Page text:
If changing location is not an option as you have to use the drone there, fly cautiously without GPS, but be aware your drone is at risk.
Issues with firmware updates
Here, we have two scenarios, which are more likely why you cannot acquire any GPS signal with your Mini 2 SE or you’re getting weaker signals.
- You recently updated the firmware of your drone, or,
- It has been a while since you updated your drone.
With our DJI drones, we rely a lot on firmware updates from DJI to fix and improve their products. Unfortunately, not all the updates are perfect, and sometimes, they can affect the drone’s ability to fly as intended.
If you have updated the Mini 2 SE recently and suddenly you get no GPS signal, that may be the cause. On the DJI forum, many drone pilots often raise these issues with random drones from the entire DJI drone line, so these issues could be widespread.
Sometimes, rolling back the firmware to a previous version can fix the issue.
On the other hand, if you have not updated your drone in a while and one or more firmware updates have been released for the DJI Mini 2 SE, but you’re still having issues with the GPS, then it is time to update the drone.
Remember that this is one of the most common issues: DJI drones fail to acquire enough satellites or GPS signals because of outdated firmware.
If this is the case, it’s time to update your DJI Mini 2 SE and remote controller.
Your GPS module could be disconnected
Have you recently crashed your Mini 2 SE or transported it over long distances in a backpack, car, or other form of transportation that could impact the drone’s integrity or electronics?
The GPS and IMU module could come loose and have inadequate contact, rendering it useless.
However, this would be easy to notice as, when you turn on your Mini 2 SE, you will get a series of errors with specific codes.
All errors will have a designation, so it’s an good approach to note those and search for the specific error to find its meaning.
Less likely scenarios
Did a recent solar storm happen?
If you remember, not so long ago, a major solar storm brightened the night skies across a lower latitude, making the aurora borealis visible from almost any part of Europe and more.
Such solar storms have significant impacts on GPS satellites. In fact, any solar storms affect the satellites, and many devices will have a hard time acquiring any GPS signal.
If you were trying to fly your drone during that time, I would be surprised if you managed to get a lock on any satellites.
While stronger solar storms can even affect power grids, weaker ones often affect the GPS satellite system.
While this is a less likely scenario, if you found yourself in the middle of the field trying to take off your drone and nothing else is wrong with it, but you can’t lock in any satellites, this could be a possibility.
Atmospheric conditions may impact GPS signal
This is yet another less common cause, but sometimes, in areas with overall weak GPS signals, clouds and other atmospheric conditions can have minor to moderate impacts on your Mini 2 SE, or any other drones, to acquire satellites.
Electrical storms can also have moderate to significant impacts on acquiring satellites.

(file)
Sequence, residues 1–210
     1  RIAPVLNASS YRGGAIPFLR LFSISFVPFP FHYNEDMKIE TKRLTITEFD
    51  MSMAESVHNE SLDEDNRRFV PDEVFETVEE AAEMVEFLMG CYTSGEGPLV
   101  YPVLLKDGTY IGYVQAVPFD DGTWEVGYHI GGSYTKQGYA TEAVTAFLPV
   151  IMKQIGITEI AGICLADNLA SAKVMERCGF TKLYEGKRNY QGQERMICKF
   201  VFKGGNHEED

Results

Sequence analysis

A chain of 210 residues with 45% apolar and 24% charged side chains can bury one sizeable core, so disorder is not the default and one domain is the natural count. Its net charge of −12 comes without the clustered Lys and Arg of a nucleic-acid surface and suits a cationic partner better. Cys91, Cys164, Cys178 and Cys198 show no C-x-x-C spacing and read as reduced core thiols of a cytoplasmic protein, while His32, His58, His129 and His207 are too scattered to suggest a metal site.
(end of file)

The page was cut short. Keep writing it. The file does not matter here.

But I guess you may already realize that if there’s a thunderstorm and you want to take some epic lightning shots while getting an error code 30007 or 30008 (GPS signal low or no GPS signal), then this could be the cause.
Failed GPS module
Yet another less likely scenario that could happen with your Mini 2 SE is that the GPS module is “fried.”
Any type of electronics has a lifespan; although they’re supposed to last for many years, from a manufacturing defect to literally one million reasons, the GPS module could fail.
This probably is the ultimate less-like scenario, as it’s infrequent for a GPS module to be rendered useless. It’s more common for the flight controller and motors to get defective over time, though.
Even with a defective GPS module, you should still be able to fly the DJI Mini 2 SE without GPS, but you’ll probably get a series of errors pointing the issue out – and this is the most crucial part:
What happens to DJI Mini 2 SE if I lose GPS when flying?
When you launch the DJI Mini 2 SE or, for that matter, any DJI drone, and you get a warning that there’s a low satellite connection, you have to think twice about how far you should fly.
That’s because two scenarios could happen here:
- The GPS module will be able to gain connection to more satellites, and your drone will fly as expected
- You can lose connection to the already-locked satellites, so you may get no GPS.
In the event you get no GPS signal when on flight (always check the number of satellites and color-coded satellite icon), you should manually return your Mini 2 SE back to you as soon as possible.
In this case, if you lose connection to satellites, the return-to-home function will definitely not work, and the same goes for rescue by RTH in case you lose signal with your drone and all the other smart features that rely on GPS.
Your drone will also start drifting because it can no longer depend on GPS for good hovering stability (unless you’re flying low above the ground to rely on the downward vision sensors).
But don’t worry; your drone will not fall out of the sky.
DJI Mini 2 SE and GPS – what else you need to know
The DJI Mini 2 SE GPS module functions on a Global Navigation Satellite System: GPS + GLONASS + Galileo. But shortly, what are those?
- The Global Positioning System (GPS) is a U.S.-owned utility that will indeed work globally and can pinpoint any device locked into it with great accuracy.
- GLONASS is another global navigation satellite system, but it is of Russian origin and is an alternative to GPS.
- Galileo is the global navigation satellite system created by the European Union and went live in 2016, so it’s relatively new. The Galileo system has greater accuracy than the GPS, within less than one meter, and a signal-in-space ranging error (SISRE) of 1.6 cm.
Therefore, the Global Navigation Sattelite System (GNSS) is fully functional on the DJI Mini 2 SE.
All three global positioning systems can work together, helping the drone (or other devices) pinpoint accurately on a centimeter level almost anywhere on the planet.